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Worship in high places was forbidden in the Mosaic law (Leviticus 26:30) because of its universal association with the idolatrous polytheistic pantheism of other nations. Such practice probably originated at the Tower of Babel and then was carried worldwide by the subsequent dispersion. However, the people had been commanded to bring their sacrifices to the tabernacle, and the tabernacle at this time had been erected on the high place at Gibeon (1 Chronicles 16:39; 21:29) after temporary sojourns at Gilgal, Shiloh and Nob. It is possible that this situation contributed to David's strong desire to build a permanent temple for the worship of God at Jerusalem.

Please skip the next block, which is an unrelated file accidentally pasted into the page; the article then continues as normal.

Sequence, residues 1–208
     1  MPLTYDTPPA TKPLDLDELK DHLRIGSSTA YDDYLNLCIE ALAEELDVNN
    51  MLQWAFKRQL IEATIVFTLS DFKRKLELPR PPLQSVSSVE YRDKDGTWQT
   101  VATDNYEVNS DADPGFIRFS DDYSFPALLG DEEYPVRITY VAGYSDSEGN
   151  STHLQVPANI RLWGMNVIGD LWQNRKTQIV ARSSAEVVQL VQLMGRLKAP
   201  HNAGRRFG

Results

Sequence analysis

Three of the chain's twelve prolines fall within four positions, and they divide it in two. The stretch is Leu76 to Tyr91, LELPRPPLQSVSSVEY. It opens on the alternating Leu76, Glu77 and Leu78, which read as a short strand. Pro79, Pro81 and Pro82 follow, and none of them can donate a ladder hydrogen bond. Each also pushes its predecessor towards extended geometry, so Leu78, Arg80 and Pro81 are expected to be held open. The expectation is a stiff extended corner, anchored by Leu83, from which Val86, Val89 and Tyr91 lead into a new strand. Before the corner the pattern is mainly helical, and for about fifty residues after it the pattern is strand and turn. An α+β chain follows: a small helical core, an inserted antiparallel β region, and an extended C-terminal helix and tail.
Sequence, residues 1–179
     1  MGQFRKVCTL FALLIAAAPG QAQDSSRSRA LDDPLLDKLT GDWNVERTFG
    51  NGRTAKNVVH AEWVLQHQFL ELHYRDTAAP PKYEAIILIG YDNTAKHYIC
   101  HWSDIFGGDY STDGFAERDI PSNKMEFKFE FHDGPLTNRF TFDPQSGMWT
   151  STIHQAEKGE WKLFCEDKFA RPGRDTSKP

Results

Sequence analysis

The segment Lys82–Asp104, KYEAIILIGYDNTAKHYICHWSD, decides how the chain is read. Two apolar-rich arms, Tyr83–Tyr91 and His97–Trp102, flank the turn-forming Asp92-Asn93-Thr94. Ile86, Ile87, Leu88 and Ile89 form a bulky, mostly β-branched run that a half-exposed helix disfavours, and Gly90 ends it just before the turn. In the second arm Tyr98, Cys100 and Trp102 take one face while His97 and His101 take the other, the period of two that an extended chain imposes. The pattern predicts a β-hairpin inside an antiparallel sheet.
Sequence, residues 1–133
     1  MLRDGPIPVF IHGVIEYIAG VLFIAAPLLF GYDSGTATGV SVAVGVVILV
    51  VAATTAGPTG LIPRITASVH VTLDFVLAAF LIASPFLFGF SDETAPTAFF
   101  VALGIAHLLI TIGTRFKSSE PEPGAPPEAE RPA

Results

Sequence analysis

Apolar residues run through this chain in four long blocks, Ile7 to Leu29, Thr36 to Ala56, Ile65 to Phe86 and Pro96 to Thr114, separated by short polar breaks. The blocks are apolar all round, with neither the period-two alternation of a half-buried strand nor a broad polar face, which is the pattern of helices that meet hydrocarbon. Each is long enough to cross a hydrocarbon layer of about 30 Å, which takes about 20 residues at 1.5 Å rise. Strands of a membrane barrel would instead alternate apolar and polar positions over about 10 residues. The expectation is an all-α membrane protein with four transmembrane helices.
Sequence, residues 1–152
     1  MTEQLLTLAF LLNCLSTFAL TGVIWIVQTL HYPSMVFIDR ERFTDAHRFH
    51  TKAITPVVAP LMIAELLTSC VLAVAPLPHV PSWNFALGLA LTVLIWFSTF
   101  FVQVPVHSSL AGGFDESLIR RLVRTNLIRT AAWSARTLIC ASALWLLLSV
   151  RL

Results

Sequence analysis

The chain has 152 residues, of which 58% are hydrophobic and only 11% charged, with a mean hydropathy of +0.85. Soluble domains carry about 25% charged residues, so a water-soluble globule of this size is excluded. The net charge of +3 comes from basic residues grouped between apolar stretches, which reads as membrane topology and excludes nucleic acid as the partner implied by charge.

Source:

KJV Defenders Study Bible, by Dr. Henry Morris, Ph.D.
Publisher: Thomas Nelson
Language: English
DEF 10 ISBN 0-529-10444-x
DEF 10-1 ISBN 0-529-10445-8


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